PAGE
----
a good investment to me. The affordable Ukrainian and Zeiss lenses are
a good thing, and a Kiev 60 owner with a well-flocked body, carefully-calibrated
meter, and nerves of steel can produce stunning images. However, using
this camera can be quite difficult. First of all, there's the flash
synch problem. One of the things that makes this camera inexpensive is
the lack of an expensive leaf shutter in each lens. The Kiev 60 sports
an archaic 1/30 sec flash synch, which all but eliminates any kind of
outdoor fill flash activity. (Although I've gotten away with 1/30
at f/16 with Fuji Velvia at e.g., 40 and 3200 ws worth of flash.) While
the camera has shutter speeds from 1/1000 down to 1 sec, slower shutter
speeds are difficult due to the brutal mirror slap. Standard Kiev 60s
do not offer any sort of mirror lockup control, though later model Kiev
60s offer the mixed blessing of a two-stage mirror prerelease. Press the
shutter button halfway down and the mirror flips up, continue the pressure
and the shutter fires. With a deft touch you can easily release the mirror
first, then fire the shutter, thereby totally eliminating mirror shake.
This is a mixed blessing because you can't turn it off. Action shots
become a problem because even a swift press on the shutter releases the
mirror early, resulting in a split second before the shot where your vision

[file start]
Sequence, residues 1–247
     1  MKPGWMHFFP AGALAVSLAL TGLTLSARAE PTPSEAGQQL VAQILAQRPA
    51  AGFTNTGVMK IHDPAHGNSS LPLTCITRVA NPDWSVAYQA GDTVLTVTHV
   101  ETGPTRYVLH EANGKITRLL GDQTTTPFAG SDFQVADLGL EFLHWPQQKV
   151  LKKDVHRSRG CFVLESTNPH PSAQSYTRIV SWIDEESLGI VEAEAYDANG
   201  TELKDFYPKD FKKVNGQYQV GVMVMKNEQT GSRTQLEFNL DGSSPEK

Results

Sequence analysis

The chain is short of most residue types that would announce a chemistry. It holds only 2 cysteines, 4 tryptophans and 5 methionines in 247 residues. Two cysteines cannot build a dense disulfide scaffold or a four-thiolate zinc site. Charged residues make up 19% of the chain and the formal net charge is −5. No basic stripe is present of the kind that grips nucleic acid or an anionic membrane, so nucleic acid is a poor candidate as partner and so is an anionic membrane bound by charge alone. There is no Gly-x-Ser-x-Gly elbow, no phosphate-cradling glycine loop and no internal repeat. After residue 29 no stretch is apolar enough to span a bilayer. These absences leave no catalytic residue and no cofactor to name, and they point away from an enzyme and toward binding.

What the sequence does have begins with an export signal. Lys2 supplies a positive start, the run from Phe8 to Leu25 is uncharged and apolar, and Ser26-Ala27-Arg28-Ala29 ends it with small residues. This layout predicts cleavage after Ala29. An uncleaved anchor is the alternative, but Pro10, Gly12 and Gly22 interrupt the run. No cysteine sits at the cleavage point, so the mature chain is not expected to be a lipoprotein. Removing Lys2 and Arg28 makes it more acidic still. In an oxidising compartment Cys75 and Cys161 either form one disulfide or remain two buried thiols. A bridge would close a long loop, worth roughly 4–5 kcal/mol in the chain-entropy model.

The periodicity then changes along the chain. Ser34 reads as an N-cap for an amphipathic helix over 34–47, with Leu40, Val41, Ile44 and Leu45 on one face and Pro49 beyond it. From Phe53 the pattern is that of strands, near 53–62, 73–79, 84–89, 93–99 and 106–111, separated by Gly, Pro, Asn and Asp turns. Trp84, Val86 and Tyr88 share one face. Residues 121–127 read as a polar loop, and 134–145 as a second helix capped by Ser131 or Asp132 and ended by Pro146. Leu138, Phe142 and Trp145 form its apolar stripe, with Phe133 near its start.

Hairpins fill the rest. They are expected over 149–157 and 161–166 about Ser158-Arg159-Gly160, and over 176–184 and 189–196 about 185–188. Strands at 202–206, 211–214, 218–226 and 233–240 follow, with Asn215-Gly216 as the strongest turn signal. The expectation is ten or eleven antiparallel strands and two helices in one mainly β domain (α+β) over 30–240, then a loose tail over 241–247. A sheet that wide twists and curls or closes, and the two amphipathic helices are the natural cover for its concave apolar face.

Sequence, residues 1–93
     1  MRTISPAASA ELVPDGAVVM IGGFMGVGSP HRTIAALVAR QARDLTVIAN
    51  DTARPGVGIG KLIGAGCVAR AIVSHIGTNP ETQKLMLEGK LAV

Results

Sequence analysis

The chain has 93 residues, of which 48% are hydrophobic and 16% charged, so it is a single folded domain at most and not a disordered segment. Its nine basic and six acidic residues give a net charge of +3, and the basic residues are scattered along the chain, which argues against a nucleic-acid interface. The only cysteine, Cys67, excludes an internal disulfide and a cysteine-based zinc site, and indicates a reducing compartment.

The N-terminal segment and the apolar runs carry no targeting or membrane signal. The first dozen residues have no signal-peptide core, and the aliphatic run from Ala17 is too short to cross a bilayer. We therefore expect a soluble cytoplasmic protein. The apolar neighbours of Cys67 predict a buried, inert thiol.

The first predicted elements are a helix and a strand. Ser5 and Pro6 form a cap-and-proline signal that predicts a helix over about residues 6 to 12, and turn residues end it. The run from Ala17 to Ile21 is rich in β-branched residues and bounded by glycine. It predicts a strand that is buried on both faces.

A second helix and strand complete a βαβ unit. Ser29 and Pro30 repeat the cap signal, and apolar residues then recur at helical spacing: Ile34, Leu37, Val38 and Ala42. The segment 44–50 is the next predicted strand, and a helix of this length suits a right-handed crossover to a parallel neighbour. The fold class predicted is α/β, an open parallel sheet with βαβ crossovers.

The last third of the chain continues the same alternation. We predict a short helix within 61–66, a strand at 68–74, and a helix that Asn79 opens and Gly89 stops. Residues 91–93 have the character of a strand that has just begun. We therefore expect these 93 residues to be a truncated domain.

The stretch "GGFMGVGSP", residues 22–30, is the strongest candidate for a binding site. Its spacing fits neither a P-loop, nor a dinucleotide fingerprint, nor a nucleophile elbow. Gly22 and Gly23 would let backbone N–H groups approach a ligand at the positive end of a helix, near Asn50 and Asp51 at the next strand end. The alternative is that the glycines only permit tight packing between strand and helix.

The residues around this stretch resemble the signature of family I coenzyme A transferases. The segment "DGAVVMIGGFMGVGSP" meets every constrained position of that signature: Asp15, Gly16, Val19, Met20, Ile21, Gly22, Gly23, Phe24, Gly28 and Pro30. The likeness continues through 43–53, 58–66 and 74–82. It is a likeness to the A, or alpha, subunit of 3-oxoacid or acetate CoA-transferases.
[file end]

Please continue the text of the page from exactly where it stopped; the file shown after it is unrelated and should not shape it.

is obscured. To those who plan to use the camera mostly on a tripod (like
me) it's a must-have. For you handheld guys, it might be tough to
So there's the basic system: the Kiev 60 body with various levels
of refinement according to year of manufacture, the inexpensive Ukrainian
lenses, and the slightly more expensive Zeiss lenses. My experience has
been that the Ukrainian lenses can be excellent, but sometimes a lens
comes straight from the factory with a misaligned element or misshaped
diaphragm blade. The Zeiss lenses for the most part are excellent, but
still a hair softer than modern Zeiss glass as found on Contax, Rolleiflex,
or Hasselblad gear. (Given the price disparity it's to be expected.)
For my own work I really needed a medium format fisheye, a long 250mm
or so tele, and a shift lens for corporate architecture shots. I filled
those holes with Ukrainian lenses, buying the 30mm Arsat, the 250mm Jupiter,
and the 45mm Hartblei PCS. I figured that I'd use the Pentacon body
in front of clients, since the Kiev 60 just plain looks too funky. Real
world usage proved the Pentacon too difficult to focus and too delicate
for pro work.
Bob Shell suggested I look at the Exakta 66 III, which is distributed
by Cambridge Camera Exchange in New York. I arranged for a loaner of an
Exakta 66. And when it showed up it looked totally different from the